Open main menu

Elizabeth Montague Ryan (February 5, 1892 – July 6, 1979) was an American tennis player who was born in Anaheim, California but lived most of her life in the United Kingdom. Ryan won 26 Grand Slam titles. Nineteen of those titles were in women's doubles and mixed doubles at Wimbledon, an all-time record for those two events. Twelve of her Wimbledon titles were in women's doubles and seven were in mixed doubles. Ryan also won four women's doubles titles at the French Championships, as well as one women's doubles title and two mixed doubles titles at the U.S. Championships.

Elizabeth Ryan
Elizabeth Ryan (tennis player).jpg
Full nameElizabeth Montague Ryan
Country (sports) United States
Born(1892-02-05)February 5, 1892
Anaheim, CA, USA
DiedJuly 6, 1979(1979-07-06) (aged 87)
Wimbledon, England
Int. Tennis HoF1972 (member page)
Singles
Highest rankingNo. 3 (1927)
Grand Slam Singles results
French OpenQF (1926, 1930, 1931)
WimbledonF (1921, 1930)
US OpenF (1926)
Doubles
Grand Slam Doubles results
French OpenW (1930, 1932, 1933, 1934)
WimbledonW (1914, 1919, 1920, 1921, 1922, 1923, 1925, 1926, 1927, 1930, 1933, 1934)
US OpenW (1926)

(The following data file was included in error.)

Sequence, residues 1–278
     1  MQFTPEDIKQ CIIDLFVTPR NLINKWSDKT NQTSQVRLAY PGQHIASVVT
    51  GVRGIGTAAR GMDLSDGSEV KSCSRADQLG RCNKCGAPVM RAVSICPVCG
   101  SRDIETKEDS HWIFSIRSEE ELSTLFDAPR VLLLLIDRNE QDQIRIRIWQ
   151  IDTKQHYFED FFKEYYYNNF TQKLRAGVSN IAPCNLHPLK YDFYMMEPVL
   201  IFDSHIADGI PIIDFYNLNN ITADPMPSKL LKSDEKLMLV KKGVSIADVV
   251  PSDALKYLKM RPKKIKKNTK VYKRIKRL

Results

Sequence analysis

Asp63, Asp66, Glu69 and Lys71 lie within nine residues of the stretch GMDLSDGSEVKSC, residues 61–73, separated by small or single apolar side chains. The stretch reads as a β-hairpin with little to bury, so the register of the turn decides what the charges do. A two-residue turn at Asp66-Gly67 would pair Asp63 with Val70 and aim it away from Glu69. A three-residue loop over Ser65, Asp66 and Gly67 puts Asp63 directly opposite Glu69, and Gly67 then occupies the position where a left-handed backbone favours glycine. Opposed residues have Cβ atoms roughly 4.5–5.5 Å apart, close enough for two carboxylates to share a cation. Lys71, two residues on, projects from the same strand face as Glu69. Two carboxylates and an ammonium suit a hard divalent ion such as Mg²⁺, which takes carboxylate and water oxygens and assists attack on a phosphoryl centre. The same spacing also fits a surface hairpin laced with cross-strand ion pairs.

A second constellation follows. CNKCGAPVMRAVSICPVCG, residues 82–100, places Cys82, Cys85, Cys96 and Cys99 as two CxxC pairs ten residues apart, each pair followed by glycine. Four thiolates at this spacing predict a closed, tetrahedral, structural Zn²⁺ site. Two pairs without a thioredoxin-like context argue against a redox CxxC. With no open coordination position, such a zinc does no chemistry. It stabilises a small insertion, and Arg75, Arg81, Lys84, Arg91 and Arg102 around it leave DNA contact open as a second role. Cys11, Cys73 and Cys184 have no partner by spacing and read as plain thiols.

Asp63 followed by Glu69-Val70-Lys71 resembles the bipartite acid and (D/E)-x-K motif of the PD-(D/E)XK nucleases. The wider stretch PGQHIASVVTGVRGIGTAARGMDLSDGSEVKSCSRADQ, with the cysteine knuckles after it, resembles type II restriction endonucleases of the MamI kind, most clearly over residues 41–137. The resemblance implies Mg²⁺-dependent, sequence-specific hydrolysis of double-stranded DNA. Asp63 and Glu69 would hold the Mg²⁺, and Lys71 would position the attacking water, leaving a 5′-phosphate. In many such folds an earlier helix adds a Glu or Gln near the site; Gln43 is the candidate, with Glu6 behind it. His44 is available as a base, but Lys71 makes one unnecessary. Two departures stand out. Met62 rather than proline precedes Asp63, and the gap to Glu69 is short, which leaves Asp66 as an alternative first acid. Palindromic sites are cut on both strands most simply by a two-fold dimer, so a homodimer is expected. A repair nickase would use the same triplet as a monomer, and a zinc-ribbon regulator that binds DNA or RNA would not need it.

Grand Slam Mixed Doubles results
French OpenF (1934)
WimbledonW (1919, 1921, 1923, 1927, 1928, 1930, 1932)
US OpenW (1926, 1933)

Contents

CareerEdit

Although she reached the Wimbledon singles finals twice, Ryan never won the title. Eight of her losses at Wimbledon were to players generally considered to be among the best ever. Ryan had to play Dorothea Lambert Chambers in the all-comers final of 1920; Suzanne Lenglen in the 1919 semifinals (losing 6–4, 7–5), 1921 final, 1922 quarterfinals, 1924 quarterfinals (losing 6–2, 6–8, 6–4), and 1925 second round; and Helen Wills Moody in the 1928 semifinals and 1930 final.

In the 1926 singles final at the U.S. Championships, the 34-year-old Ryan led 42-year-old Molla Bjurstedt Mallory 4–6, 6–4, 4–0 and had a match point at 7–6 in the third set before losing the final three games of the match.[1]

Ryan and her longtime partner Lenglen never lost a women's doubles match at Wimbledon, going 31–0.[1] Only Billie Jean King (224 match wins) and Martina Navratilova won more matches at Wimbledon than Ryan (190 match wins): 47–15 in singles, 73–4 in women's doubles, and 70–9 in mixed doubles.[1]

The longtime tennis writer Ted Tinling has credited Ryan with inventing the volleying style later perfected by players such as Sarah Palfrey Cooke, Alice Marble, Louise Brough Clapp, Margaret Osborne duPont, Doris Hart, Darlene Hard, Margaret Court, Navratilova, and King. "Before World War I, women's tennis consisted primary of slogging duels from the baseline. There were a few volleying pioneers, notably ... Hazel [Hotchkiss] Wightman and Ethel [Thomson] Larcombe, but volleying as a fundamental, aggressive technique was first injected into the women's game by ... Ryan."[2] Tinling, however, also said about Ryan, "Elizabeth wasn't fast enough for singles. Too heavy."[3]